Can Cats Wake Up After Being ?Put to Sleep??

Arnold Plotnick, DVM, explains what happens when a cat is put to sleep.

By Arnold Plotnick, DVM | Posted: May 30, 2008 2 a.m. EDT

Printer Friendly

Q: I recently had to put my 16-year-old cat, Max, to sleep. I brought him home and buried him. Now all I keep thinking is that he woke up. Please tell me once an animal is put to sleep they can't revive themselves.

A: I’m sorry to hear about your cat. It’s understandable to have such disturbing thoughts after such a traumatic event, but I can assure you that there is no way that Max could revive himself.

Veterinarians often use the euphemism “put to sleep” to describe the procedure that we use to end a cat’s life. I suspect that the word “sleep” is causing you to have these nagging thoughts, and you unconsciously may be thinking that if the cat is merely asleep, then it is theoretically possible for him to wake up. In reality, your veterinarian gave your cat an injection that stopped his heart permanently, and he passed away peacefully.

If you still find yourself bothered by these thoughts, or are having a hard time dealing with Max’s death in general, ask your veterinarian if he or she can recommend a veterinary bereavement counselor. Many cities with referral hospitals offer these services for pet owners. Again, please accept my condolences on Max’s death.

Printer Friendly

 Give us your opinion on
Can Cats Wake Up After Being ?Put to Sleep??

Submit a Comment   Join Club
Earn 1,000 points! What's this?
Reader Comments

Morgan    Cleveland, OH

6/19/2011 9:32:22 AM

I work at a vet. clinic and have witnessed several animals being "put to sleep". I also had to euthanasia my 16 Siamese who had congestive heart failure and was no longer able to breathe due to fluid build up in the pleural cavity.

I know the veterinarian I work for routinely uses 1.5 times the amount recommended of euthanasia solution to be absolutely sure that the animal passes peacefully and permanently. He also listens to their heart afterwards to be sure they have gone. After the animal passes, an occasional release of gas may cause the cat to appear to breathe, fart or gasp. You can be assured that this is normal and the cat is not reanimating. Euthanizing an animal is not an easy decision to make, but you can take heart that your cat will NEVER be buried alive after the procedure.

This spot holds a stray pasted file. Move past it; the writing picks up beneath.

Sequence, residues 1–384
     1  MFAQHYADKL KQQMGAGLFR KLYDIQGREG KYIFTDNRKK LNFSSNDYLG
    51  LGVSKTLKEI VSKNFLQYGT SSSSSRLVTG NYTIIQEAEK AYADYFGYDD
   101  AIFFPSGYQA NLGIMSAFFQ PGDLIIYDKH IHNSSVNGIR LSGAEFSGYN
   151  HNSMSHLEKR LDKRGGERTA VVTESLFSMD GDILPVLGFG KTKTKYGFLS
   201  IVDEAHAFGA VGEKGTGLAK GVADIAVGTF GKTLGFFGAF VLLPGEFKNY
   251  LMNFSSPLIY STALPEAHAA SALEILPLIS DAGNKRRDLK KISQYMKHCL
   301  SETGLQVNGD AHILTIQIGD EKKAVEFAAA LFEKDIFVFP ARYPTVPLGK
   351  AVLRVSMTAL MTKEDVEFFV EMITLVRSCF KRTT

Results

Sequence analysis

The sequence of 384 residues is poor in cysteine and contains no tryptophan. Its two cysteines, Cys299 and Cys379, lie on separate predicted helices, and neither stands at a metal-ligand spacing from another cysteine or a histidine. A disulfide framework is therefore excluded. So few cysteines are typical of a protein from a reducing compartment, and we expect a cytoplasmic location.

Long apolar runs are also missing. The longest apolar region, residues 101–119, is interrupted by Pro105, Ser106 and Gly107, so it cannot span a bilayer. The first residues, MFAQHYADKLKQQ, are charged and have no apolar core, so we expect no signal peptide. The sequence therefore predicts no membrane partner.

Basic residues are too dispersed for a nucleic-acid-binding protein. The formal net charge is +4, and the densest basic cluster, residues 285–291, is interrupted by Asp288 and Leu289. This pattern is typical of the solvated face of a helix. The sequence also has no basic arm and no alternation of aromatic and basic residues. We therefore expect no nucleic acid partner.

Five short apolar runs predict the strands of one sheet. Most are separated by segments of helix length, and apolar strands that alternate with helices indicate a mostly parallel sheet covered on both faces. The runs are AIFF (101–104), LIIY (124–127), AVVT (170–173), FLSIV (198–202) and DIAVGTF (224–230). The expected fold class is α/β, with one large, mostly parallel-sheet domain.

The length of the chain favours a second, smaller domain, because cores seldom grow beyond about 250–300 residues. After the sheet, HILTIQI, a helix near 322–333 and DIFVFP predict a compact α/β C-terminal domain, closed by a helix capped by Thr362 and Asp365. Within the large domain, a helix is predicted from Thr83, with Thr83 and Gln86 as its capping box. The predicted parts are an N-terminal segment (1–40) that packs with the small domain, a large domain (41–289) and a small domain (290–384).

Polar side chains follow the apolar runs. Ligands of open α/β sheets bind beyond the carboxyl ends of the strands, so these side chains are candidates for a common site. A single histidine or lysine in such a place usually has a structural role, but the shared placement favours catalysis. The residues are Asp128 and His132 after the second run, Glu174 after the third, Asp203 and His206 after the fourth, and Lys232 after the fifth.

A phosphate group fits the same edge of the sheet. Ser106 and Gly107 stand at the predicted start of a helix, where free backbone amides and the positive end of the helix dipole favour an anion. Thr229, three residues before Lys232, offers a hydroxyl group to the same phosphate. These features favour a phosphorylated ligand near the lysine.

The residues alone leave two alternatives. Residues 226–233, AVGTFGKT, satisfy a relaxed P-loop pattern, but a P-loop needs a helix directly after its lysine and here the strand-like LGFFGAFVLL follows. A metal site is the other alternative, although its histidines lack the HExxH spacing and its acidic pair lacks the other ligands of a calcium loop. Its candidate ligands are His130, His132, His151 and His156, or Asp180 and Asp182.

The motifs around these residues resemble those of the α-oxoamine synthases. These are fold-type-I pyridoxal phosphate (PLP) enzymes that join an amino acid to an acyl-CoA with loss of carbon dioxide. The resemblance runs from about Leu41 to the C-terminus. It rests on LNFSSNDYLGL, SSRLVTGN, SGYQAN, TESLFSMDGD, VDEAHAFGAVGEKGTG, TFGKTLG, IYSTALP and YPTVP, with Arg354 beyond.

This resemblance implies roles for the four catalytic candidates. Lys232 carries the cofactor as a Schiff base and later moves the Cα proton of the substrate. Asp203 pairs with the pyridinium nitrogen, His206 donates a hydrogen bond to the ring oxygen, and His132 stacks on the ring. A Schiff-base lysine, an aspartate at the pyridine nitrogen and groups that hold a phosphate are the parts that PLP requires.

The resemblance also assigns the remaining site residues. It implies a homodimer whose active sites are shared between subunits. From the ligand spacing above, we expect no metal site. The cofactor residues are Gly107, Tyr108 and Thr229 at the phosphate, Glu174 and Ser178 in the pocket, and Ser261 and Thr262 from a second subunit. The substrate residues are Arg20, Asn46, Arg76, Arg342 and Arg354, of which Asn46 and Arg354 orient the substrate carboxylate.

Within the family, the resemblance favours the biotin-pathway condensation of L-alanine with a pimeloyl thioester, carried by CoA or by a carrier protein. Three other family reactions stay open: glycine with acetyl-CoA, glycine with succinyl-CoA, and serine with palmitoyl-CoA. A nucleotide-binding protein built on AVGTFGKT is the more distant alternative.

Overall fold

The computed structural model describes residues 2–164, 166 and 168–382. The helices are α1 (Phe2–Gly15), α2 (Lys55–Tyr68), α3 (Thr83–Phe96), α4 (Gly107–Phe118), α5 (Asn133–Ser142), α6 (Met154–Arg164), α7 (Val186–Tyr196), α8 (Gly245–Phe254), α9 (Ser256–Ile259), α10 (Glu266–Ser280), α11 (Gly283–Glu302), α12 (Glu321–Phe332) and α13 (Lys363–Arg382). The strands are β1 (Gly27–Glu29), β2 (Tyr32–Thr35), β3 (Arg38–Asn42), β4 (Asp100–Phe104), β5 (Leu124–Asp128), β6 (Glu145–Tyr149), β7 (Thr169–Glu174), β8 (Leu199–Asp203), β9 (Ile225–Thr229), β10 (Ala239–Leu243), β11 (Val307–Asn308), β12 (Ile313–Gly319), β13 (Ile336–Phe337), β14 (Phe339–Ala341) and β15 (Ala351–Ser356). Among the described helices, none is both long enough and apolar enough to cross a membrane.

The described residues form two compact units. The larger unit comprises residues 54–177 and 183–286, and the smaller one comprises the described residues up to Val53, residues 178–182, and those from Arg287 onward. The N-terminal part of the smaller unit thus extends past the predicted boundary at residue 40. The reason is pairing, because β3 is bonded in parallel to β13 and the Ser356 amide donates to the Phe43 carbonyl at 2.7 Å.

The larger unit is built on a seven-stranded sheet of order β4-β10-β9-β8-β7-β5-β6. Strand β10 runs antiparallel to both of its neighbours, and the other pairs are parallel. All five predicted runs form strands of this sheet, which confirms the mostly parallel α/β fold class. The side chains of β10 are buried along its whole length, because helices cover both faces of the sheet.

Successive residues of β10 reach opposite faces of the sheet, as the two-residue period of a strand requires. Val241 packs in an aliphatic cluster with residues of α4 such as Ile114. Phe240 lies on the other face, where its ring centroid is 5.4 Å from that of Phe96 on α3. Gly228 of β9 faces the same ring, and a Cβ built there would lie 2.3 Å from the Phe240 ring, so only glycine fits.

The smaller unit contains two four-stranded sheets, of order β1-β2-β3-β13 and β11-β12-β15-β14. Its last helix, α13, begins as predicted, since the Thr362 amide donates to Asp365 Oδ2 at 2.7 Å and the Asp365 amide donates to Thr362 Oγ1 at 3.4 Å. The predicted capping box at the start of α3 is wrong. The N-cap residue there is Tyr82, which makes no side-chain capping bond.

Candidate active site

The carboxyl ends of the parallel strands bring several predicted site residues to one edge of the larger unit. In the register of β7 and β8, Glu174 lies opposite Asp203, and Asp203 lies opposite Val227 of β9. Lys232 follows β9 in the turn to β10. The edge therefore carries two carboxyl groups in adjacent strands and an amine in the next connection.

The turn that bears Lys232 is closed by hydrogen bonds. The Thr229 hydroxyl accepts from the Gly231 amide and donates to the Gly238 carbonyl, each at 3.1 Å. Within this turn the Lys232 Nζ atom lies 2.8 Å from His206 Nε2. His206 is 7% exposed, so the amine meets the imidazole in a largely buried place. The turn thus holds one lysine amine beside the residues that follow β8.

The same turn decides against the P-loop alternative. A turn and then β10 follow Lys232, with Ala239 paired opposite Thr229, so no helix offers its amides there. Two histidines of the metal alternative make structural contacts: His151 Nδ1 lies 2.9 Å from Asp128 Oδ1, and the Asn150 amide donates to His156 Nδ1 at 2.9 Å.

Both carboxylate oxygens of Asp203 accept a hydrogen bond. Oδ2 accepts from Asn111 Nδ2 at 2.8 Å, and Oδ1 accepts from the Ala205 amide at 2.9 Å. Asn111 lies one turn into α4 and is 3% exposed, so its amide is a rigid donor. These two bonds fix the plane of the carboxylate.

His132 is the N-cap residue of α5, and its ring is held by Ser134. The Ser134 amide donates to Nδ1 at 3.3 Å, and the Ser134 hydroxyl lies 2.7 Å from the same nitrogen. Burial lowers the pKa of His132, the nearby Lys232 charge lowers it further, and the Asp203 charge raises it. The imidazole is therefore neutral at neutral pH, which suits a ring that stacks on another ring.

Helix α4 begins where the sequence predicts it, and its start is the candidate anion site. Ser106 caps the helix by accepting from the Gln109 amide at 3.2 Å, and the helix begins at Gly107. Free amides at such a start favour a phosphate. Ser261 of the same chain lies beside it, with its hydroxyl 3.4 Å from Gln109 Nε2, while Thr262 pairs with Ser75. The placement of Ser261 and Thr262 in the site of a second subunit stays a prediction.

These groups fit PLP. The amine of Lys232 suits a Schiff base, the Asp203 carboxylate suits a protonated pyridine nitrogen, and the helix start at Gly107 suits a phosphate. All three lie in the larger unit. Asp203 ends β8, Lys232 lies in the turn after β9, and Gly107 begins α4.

Obama    Washington, DC

12/8/2009 11:12:26 AM

Did you bury it in pet cemetary? It might have came back to life.

Bill    Woodbridge, VA

8/14/2008 10:45:40 AM

I had it done to one of my cats recently only because his condition was getting much worse and he would only suffer. I had a vet come to my home to have it done. I had been through this before a few years ago. In all instances, I found it nicer to sit with the cat during the process. It isn't the easiest thing to go through.

With two of my cats, the process took a little longer. I've been told by vets that after the lethal injection they go very quickly even if they still appear to be breathing. Sometimes body functions take a while to stop completely, but death is supposed to be instant.

I strongly suggest asking for the cat to be sedated prior. Some vets don't do it and I refuse to not have the cat sedated first which is why I had to look for alternative vets this last time.

Karen    Standish, ME

6/1/2008 8:28:52 PM

Seeking help after a loss is nothing to be scared or ashamed of. Adopting older cats you learn to except death. I myself sought help after my therapy dog and BESt Friend needed to be let go. She had advanced cancer and could not eat or walk for 4 days. I carried her up and down stairs. We let her go and then I was upset and felt guilty about not letting her go naturally.
Finally I came to realize I truly honored her memory by ending her suffering. June 14 it will be one year. I still struggle with my loss.

View Current Comments


Top Products

ADS BY GOOGLE